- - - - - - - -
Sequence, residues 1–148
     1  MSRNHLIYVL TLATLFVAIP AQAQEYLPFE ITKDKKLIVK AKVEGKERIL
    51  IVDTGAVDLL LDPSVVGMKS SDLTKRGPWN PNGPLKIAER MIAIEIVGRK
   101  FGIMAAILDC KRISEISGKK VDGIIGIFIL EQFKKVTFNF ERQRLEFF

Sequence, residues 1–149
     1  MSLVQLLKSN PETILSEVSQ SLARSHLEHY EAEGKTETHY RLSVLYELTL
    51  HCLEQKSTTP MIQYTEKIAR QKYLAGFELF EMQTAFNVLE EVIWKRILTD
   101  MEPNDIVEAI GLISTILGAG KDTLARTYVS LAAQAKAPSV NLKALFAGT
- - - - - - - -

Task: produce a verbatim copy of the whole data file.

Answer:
Sequence, residues 1–148
     1  MSRNHLIYVL TLATLFVAIP AQAQEYLPFE ITKDKKLIVK AKVEGKERIL
    51  IVDTGAVDLL LDPSVVGMKS SDLTKRGPWN PNGPLKIAER MIAIEIVGRK
   101  FGIMAAILDC KRISEISGKK VDGIIGIFIL EQFKKVTFNF ERQRLEFF

Sequence, residues 1–149
     1  MSLVQLLKSN PETILSEVSQ SLARSHLEHY EAEGKTETHY RLSVLYELTL
    51  HCLEQKSTTP MIQYTEKIAR QKYLAGFELF EMQTAFNVLE EVIWKRILTD
   101  MEPNDIVEAI GLISTILGAG KDTLARTYVS LAAQAKAPSV NLKALFAGT